GoT’s strongman champ admits to steroid use

Hafthor Julius Bjornsson, the man known to “Game of Thrones” fans as “The Mountain” and the reigning World’s Strongest Man, says he is willing to do whatever is necessary to win — including taking steroids.

In a lengthy interview with ESPN’s E:60, Bjornsson was asked whether he had ever taken steroids, long associated with the sport of strongman. “Yes, I have,” Bjornsson says in the 2017 interview, which aired Sunday morning on E:60. “When you want to be the best, you do whatever it takes.”

Bjornsson did not elaborate on when he has used performance-enhancing drugs. Asked how often he takes steroids and if he’s still doing it, Bjornsson deferred: “Can we just skip those questions?”

The annual World’s Strongest Man (WSM) competition officially prohibits the use of PEDs, but it is not clear the extent or effectiveness of its drug testing for its athletes, as many athletes and bodybuilders now look for alternative supplements.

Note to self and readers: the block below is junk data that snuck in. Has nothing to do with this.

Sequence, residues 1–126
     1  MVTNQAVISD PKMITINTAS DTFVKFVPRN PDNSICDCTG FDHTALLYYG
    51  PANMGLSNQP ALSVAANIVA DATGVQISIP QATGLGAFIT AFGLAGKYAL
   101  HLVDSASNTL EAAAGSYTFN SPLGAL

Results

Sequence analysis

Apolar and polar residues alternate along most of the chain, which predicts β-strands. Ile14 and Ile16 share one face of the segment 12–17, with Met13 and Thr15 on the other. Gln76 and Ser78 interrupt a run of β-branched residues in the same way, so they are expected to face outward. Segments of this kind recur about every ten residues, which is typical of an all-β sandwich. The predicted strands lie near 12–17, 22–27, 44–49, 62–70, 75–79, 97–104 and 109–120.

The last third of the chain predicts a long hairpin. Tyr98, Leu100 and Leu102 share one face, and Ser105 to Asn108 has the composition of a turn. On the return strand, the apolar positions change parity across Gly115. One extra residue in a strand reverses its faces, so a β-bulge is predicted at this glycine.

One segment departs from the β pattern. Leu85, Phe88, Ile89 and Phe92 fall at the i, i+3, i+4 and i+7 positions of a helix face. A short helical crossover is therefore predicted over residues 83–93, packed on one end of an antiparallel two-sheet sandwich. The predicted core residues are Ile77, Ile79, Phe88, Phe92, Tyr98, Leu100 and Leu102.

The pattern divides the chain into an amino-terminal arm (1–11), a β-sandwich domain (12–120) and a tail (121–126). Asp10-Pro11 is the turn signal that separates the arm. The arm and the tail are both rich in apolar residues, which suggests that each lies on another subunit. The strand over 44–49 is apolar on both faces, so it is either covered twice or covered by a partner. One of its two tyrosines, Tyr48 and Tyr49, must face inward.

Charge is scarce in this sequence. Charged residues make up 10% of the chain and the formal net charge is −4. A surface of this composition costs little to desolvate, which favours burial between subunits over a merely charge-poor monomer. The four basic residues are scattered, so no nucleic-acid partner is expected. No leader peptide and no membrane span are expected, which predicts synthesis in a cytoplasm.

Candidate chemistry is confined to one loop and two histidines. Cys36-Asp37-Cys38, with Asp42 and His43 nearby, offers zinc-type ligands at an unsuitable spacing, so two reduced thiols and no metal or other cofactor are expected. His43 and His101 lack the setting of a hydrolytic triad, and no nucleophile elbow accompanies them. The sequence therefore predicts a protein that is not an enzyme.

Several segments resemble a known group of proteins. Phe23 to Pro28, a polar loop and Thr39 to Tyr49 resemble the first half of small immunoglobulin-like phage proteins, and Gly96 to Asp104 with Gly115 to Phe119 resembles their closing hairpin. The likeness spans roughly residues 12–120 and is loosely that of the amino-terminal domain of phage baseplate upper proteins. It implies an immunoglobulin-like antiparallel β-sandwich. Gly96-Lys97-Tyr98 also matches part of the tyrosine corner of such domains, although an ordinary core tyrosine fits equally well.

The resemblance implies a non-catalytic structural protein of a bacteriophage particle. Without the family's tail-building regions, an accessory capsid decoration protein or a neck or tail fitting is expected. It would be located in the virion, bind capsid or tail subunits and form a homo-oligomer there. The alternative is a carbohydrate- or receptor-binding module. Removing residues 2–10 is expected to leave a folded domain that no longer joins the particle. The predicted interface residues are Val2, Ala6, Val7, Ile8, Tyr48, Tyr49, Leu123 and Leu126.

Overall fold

No. I mean, how would you expect a multibillion monopoly to behave? Training at high altitude can have a similar effect, as the body compensates for the decreased atmospheric oxygen level by releasing a natural synthesis of erythropoietin that induces higher red blood cell production.

Following several half-hearted attempts in which FINA sent lawyers to talk to Chinese government officials about doping, FINA punished the individual athletes but found no evidence of systematic doping. USC professor and steroid expert Todd Schroeder says the human body can indeed accomplish some phenomenal results naturally, particularly in one’s 20s, when natural testosterone production peaks. We promise to deliver quality journalism that stays away from vested interest and political propaganda.